WRAL SmartShopper

WRAL SmartShopper

Have you heard of the Ugly Food Movement?

Posted April 14

The Ugly Food Movement is catching on and can save you big money on your produce.

Read on for an excerpt from an article written by Laura Foor from Stretcher.com.

Ugly Food 101

When we hear someone mention a certain food, our brain has already attached that particular food with a preset image. For instance, you hear a coworker say they're buying some apples on their way home. What picture immediately pops into your head? It's highly likely you're envisioning a perfectly-shaped, red apple, maybe a Gala or a Fuji? Or maybe you envisioned a perfectly smooth Granny Smith in a perfect shade of green?

Why perfect? It's because perfect equals pretty, according to your local supermarket. A place where every fruit or vegetable being sold is expected to be flawless or pretty darn close. Why? Pretty food sells.

Pretty Food

Because we shop with our eyes first, supermarkets spend a lot of time figuring out the best ways to visually grab our attention. Their overall objective is to display foods that are appealing to the eye. And it's easy for them to do. Currently, large scale farmers are required to abide by the USDA's requirement that all fruits and vegetable need to be at least 90% blemish free.

This is the main reason why the majority of grocery food shoppers have never even seen what's now being called "ugly food." In fact, American farmers alone discard more than six billion pounds of fruits and vegetables every year because they're considered to be too ugly to sell to consumers. What a waste!

Ugly Food Movement

Credit for the Ugly Food Movement can be given to Dana Cowin, editor-in-chief of Food & Wine Magazine. "The ugly food movement embraces the potential of funny-looking or smaller-sized fruits, vegetables, and other wild-looking edibles. If, as consumers, we can change our mindset so we see gnarled, twisted, lumpy or otherwise imperfect produce as beautiful, we can create demand, change the system, and ultimately help feed the world."

Since the recent launch of the Ugly Food Movement last year, large chain supermarkets are now interested in selling ugly food, too. Trader Joe's president Doug Rauch is launching The Daily Table, a store that will specialize in expired and ugly foods. High-end chain Raley's Food Store has more than 100 stores in California and Nevada and will soon be launching a pilot program in ten of their Northern California stores by the name of Real Good Produce.

Where Can You Find Ugly Food?

The best place for you to start looking for ugly produce options in your city is your local Farmers Market. You may even get a better deal because you can negotiate with the actual food producers. If your city doesn't have a Farmers Market, then ask the manager of your local supermarket's produce section if they currently sell or are expecting to start selling ugly produce anytime soon. (There could be a small, hard-to-find section where these types of foods are displayed, so asking for assistance could prove to be helpful.)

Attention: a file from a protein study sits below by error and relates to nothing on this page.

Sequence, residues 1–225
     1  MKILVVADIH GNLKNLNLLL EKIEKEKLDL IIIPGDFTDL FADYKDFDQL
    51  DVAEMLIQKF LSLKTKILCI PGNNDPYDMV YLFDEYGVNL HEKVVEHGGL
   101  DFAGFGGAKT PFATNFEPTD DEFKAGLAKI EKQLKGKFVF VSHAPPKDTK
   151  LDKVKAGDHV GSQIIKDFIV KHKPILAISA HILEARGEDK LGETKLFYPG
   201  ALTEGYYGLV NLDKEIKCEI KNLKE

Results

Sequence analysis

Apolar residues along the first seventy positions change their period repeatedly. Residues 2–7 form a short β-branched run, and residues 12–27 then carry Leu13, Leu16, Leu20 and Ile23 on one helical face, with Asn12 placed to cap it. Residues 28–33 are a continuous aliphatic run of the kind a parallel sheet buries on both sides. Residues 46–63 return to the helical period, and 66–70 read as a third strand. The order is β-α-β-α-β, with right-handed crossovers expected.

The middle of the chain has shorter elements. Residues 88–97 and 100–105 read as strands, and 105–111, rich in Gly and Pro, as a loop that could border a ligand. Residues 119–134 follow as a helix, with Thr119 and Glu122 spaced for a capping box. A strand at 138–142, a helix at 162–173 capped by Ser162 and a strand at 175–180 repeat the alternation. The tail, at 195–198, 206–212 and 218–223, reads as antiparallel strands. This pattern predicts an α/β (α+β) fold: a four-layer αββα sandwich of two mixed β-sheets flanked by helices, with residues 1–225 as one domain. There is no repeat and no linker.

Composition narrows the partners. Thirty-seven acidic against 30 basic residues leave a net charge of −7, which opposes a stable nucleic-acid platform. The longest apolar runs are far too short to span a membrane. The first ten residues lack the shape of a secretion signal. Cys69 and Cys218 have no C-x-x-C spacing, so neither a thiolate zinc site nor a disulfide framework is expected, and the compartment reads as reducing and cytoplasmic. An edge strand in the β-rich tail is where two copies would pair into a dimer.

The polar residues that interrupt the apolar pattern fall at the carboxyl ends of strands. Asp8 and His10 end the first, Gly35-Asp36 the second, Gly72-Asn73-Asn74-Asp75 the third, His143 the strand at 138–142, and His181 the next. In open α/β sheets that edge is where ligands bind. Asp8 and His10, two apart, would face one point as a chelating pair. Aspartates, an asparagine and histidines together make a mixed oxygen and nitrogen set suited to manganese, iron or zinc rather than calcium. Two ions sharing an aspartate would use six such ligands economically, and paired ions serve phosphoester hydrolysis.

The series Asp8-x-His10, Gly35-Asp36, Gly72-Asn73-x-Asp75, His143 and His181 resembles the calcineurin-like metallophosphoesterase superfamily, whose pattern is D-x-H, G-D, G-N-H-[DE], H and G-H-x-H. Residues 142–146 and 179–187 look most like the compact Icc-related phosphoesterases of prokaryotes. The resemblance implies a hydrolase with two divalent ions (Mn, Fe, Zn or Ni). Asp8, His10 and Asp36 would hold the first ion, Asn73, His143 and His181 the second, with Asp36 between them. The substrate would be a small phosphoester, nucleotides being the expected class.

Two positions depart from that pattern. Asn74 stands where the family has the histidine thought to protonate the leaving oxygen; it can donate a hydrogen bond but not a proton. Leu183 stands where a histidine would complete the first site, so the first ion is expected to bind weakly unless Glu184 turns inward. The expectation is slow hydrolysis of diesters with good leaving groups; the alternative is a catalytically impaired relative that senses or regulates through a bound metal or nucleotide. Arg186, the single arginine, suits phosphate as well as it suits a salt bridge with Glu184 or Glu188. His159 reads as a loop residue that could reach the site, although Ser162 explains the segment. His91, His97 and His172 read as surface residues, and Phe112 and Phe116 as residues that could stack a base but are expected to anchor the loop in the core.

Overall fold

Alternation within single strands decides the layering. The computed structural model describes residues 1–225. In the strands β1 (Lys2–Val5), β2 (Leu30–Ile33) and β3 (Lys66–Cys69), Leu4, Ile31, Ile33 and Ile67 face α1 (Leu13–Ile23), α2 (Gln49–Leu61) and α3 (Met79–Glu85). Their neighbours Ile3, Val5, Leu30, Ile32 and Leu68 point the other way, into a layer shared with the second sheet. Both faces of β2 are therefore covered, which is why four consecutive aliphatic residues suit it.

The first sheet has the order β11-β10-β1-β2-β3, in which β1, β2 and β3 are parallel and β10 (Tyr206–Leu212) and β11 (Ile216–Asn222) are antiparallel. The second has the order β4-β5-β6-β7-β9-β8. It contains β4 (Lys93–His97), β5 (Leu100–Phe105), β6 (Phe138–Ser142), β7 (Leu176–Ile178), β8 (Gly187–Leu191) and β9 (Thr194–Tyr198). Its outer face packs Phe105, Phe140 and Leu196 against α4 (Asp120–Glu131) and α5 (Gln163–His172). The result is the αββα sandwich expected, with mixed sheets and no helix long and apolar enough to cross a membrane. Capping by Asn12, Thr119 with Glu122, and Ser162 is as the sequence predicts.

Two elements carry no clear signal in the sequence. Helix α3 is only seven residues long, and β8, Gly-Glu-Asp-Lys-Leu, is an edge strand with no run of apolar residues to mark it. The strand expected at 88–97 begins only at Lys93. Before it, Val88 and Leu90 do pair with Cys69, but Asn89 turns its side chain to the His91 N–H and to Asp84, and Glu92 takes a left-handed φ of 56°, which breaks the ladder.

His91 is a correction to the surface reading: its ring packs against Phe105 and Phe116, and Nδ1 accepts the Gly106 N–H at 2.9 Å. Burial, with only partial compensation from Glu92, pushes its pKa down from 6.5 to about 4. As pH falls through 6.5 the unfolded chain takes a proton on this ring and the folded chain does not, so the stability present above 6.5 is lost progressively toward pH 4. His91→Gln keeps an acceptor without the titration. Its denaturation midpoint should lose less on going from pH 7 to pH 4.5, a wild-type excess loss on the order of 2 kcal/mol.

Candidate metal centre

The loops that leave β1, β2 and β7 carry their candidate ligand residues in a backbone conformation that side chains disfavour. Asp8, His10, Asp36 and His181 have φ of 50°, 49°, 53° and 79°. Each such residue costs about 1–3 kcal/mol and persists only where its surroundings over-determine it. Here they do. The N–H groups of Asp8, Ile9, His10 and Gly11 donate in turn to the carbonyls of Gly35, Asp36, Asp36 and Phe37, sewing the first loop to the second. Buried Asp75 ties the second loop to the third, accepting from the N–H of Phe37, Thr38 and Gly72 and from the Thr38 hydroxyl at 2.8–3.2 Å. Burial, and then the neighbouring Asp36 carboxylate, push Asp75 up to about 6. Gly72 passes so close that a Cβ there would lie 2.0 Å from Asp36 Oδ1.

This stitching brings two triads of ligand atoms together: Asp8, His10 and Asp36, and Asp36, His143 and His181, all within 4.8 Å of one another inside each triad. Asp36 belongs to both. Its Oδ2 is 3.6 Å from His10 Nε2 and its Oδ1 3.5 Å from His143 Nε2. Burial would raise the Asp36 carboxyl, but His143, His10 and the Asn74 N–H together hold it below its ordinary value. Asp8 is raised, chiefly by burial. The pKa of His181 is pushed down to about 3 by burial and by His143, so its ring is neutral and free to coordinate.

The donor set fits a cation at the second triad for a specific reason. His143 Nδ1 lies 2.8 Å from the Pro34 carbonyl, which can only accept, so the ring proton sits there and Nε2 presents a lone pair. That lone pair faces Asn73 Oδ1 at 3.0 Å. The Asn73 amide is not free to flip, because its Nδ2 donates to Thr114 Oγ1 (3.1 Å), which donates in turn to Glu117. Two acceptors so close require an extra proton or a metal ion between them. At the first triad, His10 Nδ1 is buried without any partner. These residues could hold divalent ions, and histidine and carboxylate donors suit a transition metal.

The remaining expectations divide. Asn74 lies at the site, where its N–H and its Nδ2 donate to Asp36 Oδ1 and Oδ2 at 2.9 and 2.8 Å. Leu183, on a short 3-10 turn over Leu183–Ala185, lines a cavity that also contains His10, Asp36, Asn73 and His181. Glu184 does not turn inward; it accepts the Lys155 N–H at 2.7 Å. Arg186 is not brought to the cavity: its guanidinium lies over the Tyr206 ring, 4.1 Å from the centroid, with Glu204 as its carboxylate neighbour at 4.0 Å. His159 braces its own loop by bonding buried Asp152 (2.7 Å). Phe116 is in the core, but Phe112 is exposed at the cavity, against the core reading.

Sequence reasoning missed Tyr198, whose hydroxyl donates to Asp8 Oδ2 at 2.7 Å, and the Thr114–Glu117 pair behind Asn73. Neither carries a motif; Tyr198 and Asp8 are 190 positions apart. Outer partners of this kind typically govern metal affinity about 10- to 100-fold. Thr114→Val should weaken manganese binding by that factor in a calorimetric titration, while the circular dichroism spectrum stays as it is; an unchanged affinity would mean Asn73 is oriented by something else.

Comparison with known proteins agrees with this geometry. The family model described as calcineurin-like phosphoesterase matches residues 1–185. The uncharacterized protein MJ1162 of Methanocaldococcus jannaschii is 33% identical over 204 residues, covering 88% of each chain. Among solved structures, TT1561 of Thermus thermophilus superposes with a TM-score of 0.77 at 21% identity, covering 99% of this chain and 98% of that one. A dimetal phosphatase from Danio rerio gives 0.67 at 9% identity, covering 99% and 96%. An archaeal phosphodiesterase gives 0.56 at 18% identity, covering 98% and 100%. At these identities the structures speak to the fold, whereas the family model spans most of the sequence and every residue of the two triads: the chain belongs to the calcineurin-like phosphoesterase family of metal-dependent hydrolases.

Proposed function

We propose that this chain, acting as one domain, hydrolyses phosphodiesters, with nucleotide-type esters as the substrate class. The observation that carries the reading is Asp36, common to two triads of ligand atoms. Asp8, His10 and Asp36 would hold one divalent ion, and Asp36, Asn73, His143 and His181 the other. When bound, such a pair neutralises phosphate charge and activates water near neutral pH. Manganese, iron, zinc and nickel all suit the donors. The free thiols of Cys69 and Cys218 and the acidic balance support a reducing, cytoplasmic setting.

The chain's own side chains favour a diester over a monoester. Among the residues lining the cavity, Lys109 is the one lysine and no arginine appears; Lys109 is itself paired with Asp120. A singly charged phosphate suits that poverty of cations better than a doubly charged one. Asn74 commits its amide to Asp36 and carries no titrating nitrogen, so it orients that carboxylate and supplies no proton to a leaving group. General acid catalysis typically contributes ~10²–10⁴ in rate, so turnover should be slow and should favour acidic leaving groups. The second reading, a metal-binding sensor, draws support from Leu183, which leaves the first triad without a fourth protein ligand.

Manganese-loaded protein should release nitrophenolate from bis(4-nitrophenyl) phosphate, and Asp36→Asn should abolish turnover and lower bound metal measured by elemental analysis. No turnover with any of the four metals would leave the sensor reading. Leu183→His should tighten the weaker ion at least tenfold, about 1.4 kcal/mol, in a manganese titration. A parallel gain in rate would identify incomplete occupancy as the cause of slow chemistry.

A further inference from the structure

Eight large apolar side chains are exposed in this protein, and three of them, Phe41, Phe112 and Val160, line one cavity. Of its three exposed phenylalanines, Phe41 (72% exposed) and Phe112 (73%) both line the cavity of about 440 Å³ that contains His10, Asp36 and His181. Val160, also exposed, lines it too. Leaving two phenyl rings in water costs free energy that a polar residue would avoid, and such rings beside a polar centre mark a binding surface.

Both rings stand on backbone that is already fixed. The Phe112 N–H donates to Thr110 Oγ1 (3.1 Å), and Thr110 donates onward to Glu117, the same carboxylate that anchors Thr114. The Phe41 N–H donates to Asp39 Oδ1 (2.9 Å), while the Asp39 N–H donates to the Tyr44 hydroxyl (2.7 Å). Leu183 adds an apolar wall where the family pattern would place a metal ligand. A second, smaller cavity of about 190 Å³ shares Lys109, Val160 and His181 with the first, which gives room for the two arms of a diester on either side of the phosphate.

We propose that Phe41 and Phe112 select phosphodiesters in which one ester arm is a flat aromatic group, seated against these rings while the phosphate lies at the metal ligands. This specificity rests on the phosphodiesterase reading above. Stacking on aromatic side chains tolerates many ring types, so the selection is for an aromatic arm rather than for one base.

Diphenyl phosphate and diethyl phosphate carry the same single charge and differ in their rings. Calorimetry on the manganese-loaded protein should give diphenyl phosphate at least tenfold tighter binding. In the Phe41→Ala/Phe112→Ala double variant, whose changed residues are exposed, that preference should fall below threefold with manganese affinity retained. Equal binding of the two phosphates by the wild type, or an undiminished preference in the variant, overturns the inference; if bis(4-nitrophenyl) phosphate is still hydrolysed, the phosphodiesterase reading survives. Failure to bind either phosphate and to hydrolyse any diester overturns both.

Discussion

If the answer is no on both counts, ....... To read the rest of the article, please head to www.Stretcher.com HERE.

My thanks to Gary with The Dollar Stretcher for sharing this excerpt. See www.Stretcher.com for many more frugal living articles.


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  • tightwad Apr 17, 8:33 p.m.

    Lowes Foods is good at providing bruised and less than perfect produce at half price, and that's one of the main reasons I stop there because we eat a lot of apples around here. I know a lot of stores either throw away expired food, or send it to the Food Shuttle, which is nice, but I would gladly pay for it at a discount.

  • Faye Prosser -WRAL Smart Shopper Apr 15, 4:53 p.m.

    observant & luvstoQ - I agree with you both completely. Our homegrown 'maters always taste better, no matter how they look. Which reminds me...it's time to plant the garden!

  • luvstoQ Apr 15, 3:10 p.m.

    Never heard of it, but would be all for it! Having grown up on a farm and having a huge garden also, we used 'all' the produce whether pretty, or not. In fact, if for market, we sent the 'perfect' veggies to market and kept the 'culls' for ourselves, friends/neighbors - no difference in taste.

  • observant Apr 15, 10:42 a.m.

    This is the best way to get tomatoes for canning - they are much cheaper than the "perfect" ones but no different after working them up .
    My friends and I were selling less than perfect produce from our families farms 37 years ago . A less than perfect pepper may not be right for stuffed pepper but it can be sliced/chopped for recipes/salads and veggie trays . once prepped most you can not tell a difference - the home grown taste is still there .